What originally appear as visual defects in Scheide M98 actually provide profound insight into the medieval world in which it was created. The fragmentary papyrus highlights a transcontinental economy with sophisticated trade networks connecting Egypt and Italy for several centuries. The abbreviations and the sloppiness of the text sheds light on medieval literacy. The omission of Stefania’s name, though likely a result of material deterioration, confronts the role of women in medieval Ravenna. Though fragmented and frayed, these individual sketches help to create a composite picture of medieval European culture.
Scheide M 98. Princeton University Library. [catalog link]
Albert Bruckner and Robert Marichal, eds., Chartae latinae antiquiores: Facsimile-Edition of the Latin Charters prior to the Ninth Century, vol. 9 (Dietikon: Urs Graf Verlag, 1977), no. 405 (Scheide MP 98), 114–15.
Jan-Olof Tjäder, Die nichtliterarischen lateinischen Papyri Italiens aus der Zeit 445–700, I. Papyri 1–28 (Lund: C. W. K. Gleerup, 1955), 368–70.
Princeton University Library, “A Descriptive Inventory of the Princeton University Collections of Papyri” (Princeton: Princeton University, 2012) [online].
Salvatore Cosentino, ed. A Companion to Byzantine Italy, Brill’s Companions to the Byzantine World (Leiden: Brill, 2021).
Dario Internullo, “Latin Documents Written on Papyrus in the Late Antique and Early Medieval West (5th-11th Century): An Overview,” in Alberto Nodar and Sofia Tollaras Tovar, eds., Proceedings of the 28th Congress of Papyrology, Barcelona 1-6 August 2016, Scripta Orientalia 3 (Barcelona: Publicacions de l’Abadia de Montserrat, 2019), pp. 654–63.
Michael McCormick, “New Light on the ‘Dark Ages’: How the Slave Trade Fuelled the Carolingian Economy,” Past and Present 177 (2002): 17–54.
Renato Piattoli, “I papiri latini medioevali già nel museo dell’Istituto delle Scienze di Bologna,” La Bibliofilía 45, no. 1 (January–June 1943): 30–40.
Facsimile with Transcription
I, Attalianus, …, to this charter of donation which grants immediately from the present day three full and complete twelfth parts of the estate “Cellulas” with all that belongs to them, as it is written above, be given over to Johannia, the venerable abbess of the monastery of Saint John the Baptist which is called “ad Navicula” and through her to the same monastery, by John the commander (primicerius) of the Ravenna troop (numerus), and by Stefania the noble woman his wife, the aforementioned donors, who in my presence have made the sign of the holy cross, and as these things have been 1 read back to them, at their request I have undersigned as witness, and I have seen this charter of donation delivered today over the holy gospels.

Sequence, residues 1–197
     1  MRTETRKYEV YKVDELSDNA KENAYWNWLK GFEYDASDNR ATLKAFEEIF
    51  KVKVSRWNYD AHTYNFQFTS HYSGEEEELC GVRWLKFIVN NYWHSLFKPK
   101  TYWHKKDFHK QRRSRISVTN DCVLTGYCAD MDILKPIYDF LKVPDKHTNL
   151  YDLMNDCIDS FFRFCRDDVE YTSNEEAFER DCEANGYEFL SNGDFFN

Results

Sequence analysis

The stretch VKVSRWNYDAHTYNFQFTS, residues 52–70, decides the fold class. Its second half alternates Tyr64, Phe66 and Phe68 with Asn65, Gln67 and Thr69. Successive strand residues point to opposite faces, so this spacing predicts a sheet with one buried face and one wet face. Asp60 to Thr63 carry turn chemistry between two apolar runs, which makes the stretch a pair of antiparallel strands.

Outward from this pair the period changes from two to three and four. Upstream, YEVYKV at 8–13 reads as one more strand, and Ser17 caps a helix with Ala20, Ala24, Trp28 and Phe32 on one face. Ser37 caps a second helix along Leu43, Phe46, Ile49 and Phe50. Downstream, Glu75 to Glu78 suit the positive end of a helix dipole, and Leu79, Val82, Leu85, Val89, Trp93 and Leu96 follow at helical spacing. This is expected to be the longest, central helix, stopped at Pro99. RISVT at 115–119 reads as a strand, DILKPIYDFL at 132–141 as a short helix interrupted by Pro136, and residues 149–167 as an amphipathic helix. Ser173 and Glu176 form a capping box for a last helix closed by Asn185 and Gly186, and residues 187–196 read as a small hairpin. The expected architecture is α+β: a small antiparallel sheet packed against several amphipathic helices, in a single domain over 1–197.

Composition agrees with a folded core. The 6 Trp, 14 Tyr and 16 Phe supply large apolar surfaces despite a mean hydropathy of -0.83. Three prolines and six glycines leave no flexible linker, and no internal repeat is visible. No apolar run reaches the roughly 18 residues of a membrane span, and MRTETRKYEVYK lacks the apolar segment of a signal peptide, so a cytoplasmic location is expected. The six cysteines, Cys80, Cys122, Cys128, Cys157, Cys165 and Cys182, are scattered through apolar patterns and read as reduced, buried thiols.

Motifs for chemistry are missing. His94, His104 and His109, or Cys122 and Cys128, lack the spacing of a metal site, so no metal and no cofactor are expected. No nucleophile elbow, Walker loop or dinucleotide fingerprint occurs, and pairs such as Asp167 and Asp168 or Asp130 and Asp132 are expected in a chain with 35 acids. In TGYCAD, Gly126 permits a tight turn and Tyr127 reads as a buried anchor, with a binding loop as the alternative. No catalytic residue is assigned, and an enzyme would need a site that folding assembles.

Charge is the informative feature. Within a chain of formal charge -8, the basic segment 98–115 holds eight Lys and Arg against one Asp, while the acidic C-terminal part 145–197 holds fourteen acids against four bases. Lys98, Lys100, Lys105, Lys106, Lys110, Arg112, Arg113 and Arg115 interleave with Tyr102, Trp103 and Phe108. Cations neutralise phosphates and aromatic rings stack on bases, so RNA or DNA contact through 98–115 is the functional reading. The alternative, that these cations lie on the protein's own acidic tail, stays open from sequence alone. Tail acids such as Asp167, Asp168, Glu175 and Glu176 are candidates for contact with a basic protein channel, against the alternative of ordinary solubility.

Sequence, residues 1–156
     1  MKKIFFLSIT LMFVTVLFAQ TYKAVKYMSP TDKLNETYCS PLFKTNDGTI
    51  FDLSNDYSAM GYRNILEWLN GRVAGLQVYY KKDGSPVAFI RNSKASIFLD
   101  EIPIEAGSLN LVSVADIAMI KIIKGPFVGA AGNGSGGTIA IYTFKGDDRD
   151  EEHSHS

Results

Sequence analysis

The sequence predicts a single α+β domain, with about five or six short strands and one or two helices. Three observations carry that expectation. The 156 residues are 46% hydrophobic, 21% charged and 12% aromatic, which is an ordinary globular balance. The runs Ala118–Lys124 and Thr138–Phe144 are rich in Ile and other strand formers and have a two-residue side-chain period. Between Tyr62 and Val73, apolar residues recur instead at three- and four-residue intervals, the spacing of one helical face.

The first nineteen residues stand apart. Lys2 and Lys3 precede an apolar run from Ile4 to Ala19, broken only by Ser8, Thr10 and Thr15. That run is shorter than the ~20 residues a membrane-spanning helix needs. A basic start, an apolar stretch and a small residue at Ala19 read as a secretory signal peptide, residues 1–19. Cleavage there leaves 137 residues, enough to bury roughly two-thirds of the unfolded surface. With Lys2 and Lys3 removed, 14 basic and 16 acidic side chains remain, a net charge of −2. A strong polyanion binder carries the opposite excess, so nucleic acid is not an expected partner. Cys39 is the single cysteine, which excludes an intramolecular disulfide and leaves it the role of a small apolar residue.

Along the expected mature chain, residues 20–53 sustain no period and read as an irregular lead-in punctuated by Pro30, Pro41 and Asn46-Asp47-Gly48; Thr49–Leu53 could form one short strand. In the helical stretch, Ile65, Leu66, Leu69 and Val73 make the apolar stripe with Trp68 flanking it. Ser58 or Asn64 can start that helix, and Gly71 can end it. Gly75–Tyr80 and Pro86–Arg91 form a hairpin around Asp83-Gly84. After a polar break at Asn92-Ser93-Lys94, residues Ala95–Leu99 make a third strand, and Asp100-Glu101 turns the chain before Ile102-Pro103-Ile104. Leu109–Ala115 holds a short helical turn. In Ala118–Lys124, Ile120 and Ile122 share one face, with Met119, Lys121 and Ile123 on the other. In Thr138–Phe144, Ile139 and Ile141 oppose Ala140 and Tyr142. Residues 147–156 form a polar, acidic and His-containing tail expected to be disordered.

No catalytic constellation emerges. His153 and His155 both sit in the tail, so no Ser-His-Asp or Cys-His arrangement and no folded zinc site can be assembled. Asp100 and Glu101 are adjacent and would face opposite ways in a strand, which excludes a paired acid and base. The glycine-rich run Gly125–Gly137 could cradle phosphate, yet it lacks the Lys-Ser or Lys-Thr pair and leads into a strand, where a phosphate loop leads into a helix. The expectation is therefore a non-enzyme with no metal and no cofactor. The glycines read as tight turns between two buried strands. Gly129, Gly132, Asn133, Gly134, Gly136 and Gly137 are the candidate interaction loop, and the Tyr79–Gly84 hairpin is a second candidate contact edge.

I, Sergius, an adjutant (domesticus) of the Armenian troop (numerus), to this charter of donation which grants that from the present day three full and complete twelfth parts of the estate “Cellulas,” together with all that belongs to them, as it is written above, be given over to Johannia, the most pious abbess of the monastery of Saint John the Baptist, which is called “ad Navicula,” and through her to that same monastery, by John the illustrious man (vir clarissimus), commander (primicerius) of the Ravenna troop (numerus), and by Stefania his wife, the aforementioned donors, who in my presence have made the sign of the holy cross, and as these things have been read back to them, at their request I have undersigned as witness, and I have seen this charter of donation delivered today over the holy gospels.
1 These opening lines have been lost, but they were transcribed in the 1700s by an early antiquarian who examined the document.
Translated by Matthew Delvaux.